By procrastinating, you hold the most control over whatever task you’re working on. However, this also means, obviously, that that particular task isn’t being done.
Almost everything we do can be broken down into little manageable parts.
Take, for instance, the laundry. If the laundry seems like a daunting task to you, break it down into steps. Collect all your dirty clothes. Separate colors and whites. Put your clothes on a wash cycle. Put them in the dryer. Fold them.
It can be tempting to put things off or delay completing tasks simply because you’re worried about the outcome being less than perfect.
Just remember that it’s okay if things don’t turn out exactly how you had them in your head.
You cannot fail at something when you don’t do it at all. Facing your fear of failure will help you eventually overcome that fear, or learn to manage it.
So next time you think about putting something off simply to avoid a potential failure, tackle it head-on. You’ll grow as a person from the experience.
There are definitely varying levels of self-control. However, there is a point in which your self-control can get in the way of productivity.
Procrastinating comes easier to people who naturally do not have the discipline to complete tasks in a timely and organized manner.
If you put something off and then forget to write down that you need to do it later, it’s possible that you could entirely forget about the first task.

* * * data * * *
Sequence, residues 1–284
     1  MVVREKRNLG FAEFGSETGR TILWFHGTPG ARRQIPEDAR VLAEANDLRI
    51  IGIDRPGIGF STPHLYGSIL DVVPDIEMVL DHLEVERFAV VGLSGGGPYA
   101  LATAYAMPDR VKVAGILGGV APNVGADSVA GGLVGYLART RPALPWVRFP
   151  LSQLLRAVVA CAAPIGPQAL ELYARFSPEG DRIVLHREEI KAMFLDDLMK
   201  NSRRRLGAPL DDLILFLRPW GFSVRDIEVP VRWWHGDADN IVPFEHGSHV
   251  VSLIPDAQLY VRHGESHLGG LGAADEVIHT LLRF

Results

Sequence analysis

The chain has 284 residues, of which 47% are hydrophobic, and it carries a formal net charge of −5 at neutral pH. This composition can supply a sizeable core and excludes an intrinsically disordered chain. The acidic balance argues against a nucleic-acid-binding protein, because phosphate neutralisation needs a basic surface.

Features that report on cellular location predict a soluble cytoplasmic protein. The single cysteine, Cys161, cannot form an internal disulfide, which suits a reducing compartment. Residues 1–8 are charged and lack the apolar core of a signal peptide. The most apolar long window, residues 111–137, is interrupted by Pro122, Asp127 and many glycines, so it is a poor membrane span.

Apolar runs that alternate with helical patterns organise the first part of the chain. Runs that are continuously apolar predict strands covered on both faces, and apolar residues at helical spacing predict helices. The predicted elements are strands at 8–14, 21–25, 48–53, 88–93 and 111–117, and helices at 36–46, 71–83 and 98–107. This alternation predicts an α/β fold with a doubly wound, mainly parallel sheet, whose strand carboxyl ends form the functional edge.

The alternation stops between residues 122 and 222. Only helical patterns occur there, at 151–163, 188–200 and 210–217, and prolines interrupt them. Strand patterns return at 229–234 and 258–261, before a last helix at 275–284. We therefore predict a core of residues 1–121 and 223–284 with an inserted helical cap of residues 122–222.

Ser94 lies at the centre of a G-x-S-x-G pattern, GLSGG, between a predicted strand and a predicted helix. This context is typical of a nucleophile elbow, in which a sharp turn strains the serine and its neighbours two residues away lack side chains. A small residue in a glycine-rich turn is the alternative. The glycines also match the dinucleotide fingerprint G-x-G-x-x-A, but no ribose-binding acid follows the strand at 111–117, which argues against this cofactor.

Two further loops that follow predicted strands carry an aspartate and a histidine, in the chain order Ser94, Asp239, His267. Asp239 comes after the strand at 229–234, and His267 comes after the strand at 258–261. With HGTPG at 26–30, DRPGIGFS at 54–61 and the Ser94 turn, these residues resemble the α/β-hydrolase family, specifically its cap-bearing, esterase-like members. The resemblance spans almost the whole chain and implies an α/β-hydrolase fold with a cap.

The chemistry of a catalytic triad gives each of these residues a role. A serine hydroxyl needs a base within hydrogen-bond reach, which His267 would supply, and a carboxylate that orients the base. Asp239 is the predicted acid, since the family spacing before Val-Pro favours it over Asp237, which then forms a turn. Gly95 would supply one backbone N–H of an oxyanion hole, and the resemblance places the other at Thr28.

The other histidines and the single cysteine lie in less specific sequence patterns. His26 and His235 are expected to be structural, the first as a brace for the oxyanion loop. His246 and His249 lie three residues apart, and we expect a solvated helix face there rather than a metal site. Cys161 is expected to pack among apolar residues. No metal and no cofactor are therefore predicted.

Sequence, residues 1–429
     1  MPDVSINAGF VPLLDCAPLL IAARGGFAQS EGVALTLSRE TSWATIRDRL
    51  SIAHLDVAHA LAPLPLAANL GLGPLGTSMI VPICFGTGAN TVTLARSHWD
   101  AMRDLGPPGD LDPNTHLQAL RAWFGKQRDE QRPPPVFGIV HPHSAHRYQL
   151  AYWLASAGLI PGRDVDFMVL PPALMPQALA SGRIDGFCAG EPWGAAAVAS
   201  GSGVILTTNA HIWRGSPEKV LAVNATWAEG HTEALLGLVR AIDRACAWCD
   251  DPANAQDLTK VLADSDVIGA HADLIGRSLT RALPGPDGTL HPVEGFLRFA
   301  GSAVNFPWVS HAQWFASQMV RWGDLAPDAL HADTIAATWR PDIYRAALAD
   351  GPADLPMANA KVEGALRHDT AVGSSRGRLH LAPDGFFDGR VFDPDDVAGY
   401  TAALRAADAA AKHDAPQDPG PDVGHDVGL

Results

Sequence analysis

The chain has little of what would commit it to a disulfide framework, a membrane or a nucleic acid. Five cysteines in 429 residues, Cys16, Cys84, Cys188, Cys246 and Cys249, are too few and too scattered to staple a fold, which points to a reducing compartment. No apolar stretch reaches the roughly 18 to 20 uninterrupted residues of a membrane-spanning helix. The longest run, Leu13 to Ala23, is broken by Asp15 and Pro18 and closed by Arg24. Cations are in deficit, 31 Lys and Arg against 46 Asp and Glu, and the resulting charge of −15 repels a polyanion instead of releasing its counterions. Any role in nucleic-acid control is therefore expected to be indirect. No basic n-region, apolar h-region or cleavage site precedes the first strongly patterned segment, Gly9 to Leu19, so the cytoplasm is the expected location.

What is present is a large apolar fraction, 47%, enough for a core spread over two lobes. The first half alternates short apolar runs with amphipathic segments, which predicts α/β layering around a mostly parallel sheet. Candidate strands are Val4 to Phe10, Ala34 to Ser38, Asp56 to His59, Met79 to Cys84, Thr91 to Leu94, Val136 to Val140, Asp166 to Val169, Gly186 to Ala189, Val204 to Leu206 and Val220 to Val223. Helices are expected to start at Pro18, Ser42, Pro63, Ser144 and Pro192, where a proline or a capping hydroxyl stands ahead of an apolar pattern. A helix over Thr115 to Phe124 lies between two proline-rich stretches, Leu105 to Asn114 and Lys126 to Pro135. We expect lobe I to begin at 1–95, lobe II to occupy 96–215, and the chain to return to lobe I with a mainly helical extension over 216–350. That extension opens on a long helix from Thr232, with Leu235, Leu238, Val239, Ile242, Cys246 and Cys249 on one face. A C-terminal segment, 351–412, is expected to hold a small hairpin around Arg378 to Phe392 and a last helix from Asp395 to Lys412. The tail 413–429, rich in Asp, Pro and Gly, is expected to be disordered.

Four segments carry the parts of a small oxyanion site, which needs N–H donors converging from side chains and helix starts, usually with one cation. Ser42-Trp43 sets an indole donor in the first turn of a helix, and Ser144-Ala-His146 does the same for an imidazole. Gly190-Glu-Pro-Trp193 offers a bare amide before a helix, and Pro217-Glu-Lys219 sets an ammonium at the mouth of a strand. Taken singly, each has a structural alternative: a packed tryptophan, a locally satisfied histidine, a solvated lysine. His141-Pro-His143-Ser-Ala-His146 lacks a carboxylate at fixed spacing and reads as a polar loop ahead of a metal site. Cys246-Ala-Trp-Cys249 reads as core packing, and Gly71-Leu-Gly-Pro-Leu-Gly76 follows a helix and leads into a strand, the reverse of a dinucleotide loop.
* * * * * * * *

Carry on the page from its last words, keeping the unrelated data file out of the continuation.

If you’re a forgetful person, make a to-do list with all your tasks on it, and only cross them off when they’re 100% completed.
It can be discouraging when a project takes you two weeks to complete when you thought it would take one.
If you consistently estimate time commitments incorrectly, it might be causing you to procrastinate more than you would otherwise.
Procrastinating a task does not always equate to worse work. Some people work very well under pressure and can produce very good work.
Eventually, there will come a time when procrastinating doesn’t go so well. Be mindful of the quality of your work and make sure your last-minute rush doesn’t show.
It’s totally okay for you to sometimes lounge around and watch TV rather than mow the lawn. Just don’t let that behavior become habitual.
When you know your journal is for your eyes only, you have the freedom to write whatever you want without worrying about anyone else’s thoughts or judgments.
As you write, don’t worry about your grammar or spelling, no matter how good or bad they are. If you can understand what you wrote in each entry, then the grammar and spelling are fine.
As adults, when we want to change something we might seek help - join a gym, or take lessons, or see a coach. Regarding DILT, the teachers often teach from the bottom up. They give classes and tools and continue to encourage us.
But, people prefer efficiency instead of effectiveness. We will revert to behaviours that give us immediate pleasure, such as comfort eating or a spending spree while we find working harder less appealing. As our motivation decrease, we may drop out of coaching and fall back to where we started.